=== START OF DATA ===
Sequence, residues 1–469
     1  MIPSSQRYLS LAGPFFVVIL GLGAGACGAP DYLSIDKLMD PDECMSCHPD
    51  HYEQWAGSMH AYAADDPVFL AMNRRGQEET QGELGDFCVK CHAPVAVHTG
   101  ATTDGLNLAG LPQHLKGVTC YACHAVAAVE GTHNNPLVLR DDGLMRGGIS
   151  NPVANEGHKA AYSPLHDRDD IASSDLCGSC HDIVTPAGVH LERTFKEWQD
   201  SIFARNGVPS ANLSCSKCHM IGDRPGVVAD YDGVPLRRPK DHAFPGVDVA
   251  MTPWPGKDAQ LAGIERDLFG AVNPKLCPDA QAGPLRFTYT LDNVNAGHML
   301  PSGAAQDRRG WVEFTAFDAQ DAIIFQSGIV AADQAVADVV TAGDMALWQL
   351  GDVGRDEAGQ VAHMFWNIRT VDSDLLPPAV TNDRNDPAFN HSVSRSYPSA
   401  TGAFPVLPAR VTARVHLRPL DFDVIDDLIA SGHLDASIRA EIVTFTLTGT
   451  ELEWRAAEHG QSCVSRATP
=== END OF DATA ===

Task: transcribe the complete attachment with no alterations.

Sequence, residues 1–469
     1  MIPSSQRYLS LAGPFFVVIL GLGAGACGAP DYLSIDKLMD PDECMSCHPD
    51  HYEQWAGSMH AYAADDPVFL AMNRRGQEET QGELGDFCVK CHAPVAVHTG
   101  ATTDGLNLAG LPQHLKGVTC YACHAVAAVE GTHNNPLVLR DDGLMRGGIS
   151  NPVANEGHKA AYSPLHDRDD IASSDLCGSC HDIVTPAGVH LERTFKEWQD
   201  SIFARNGVPS ANLSCSKCHM IGDRPGVVAD YDGVPLRRPK DHAFPGVDVA
   251  MTPWPGKDAQ LAGIERDLFG AVNPKLCPDA QAGPLRFTYT LDNVNAGHML
   301  PSGAAQDRRG WVEFTAFDAQ DAIIFQSGIV AADQAVADVV TAGDMALWQL
   351  GDVGRDEAGQ VAHMFWNIRT VDSDLLPPAV TNDRNDPAFN HSVSRSYPSA
   401  TGAFPVLPAR VTARVHLRPL DFDVIDDLIA SGHLDASIRA EIVTFTLTGT
   451  ELEWRAAEHG QSCVSRATP